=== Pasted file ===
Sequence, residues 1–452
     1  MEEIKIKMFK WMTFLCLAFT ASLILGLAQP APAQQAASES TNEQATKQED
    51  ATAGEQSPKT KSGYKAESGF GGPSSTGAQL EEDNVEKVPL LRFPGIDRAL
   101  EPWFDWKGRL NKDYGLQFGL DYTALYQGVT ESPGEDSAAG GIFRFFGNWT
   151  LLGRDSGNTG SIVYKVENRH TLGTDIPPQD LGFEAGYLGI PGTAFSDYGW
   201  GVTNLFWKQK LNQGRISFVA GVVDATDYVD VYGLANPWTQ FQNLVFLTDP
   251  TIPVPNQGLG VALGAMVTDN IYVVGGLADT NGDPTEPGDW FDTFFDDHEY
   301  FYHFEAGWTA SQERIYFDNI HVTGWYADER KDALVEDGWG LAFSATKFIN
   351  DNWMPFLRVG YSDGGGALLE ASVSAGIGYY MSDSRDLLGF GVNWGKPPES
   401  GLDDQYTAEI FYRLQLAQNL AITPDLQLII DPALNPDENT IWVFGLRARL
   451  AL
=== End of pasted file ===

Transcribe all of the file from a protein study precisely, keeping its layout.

Sequence, residues 1–452
     1  MEEIKIKMFK WMTFLCLAFT ASLILGLAQP APAQQAASES TNEQATKQED
    51  ATAGEQSPKT KSGYKAESGF GGPSSTGAQL EEDNVEKVPL LRFPGIDRAL
   101  EPWFDWKGRL NKDYGLQFGL DYTALYQGVT ESPGEDSAAG GIFRFFGNWT
   151  LLGRDSGNTG SIVYKVENRH TLGTDIPPQD LGFEAGYLGI PGTAFSDYGW
   201  GVTNLFWKQK LNQGRISFVA GVVDATDYVD VYGLANPWTQ FQNLVFLTDP
   251  TIPVPNQGLG VALGAMVTDN IYVVGGLADT NGDPTEPGDW FDTFFDDHEY
   301  FYHFEAGWTA SQERIYFDNI HVTGWYADER KDALVEDGWG LAFSATKFIN
   351  DNWMPFLRVG YSDGGGALLE ASVSAGIGYY MSDSRDLLGF GVNWGKPPES
   401  GLDDQYTAEI FYRLQLAQNL AITPDLQLII DPALNPDENT IWVFGLRARL
   451  AL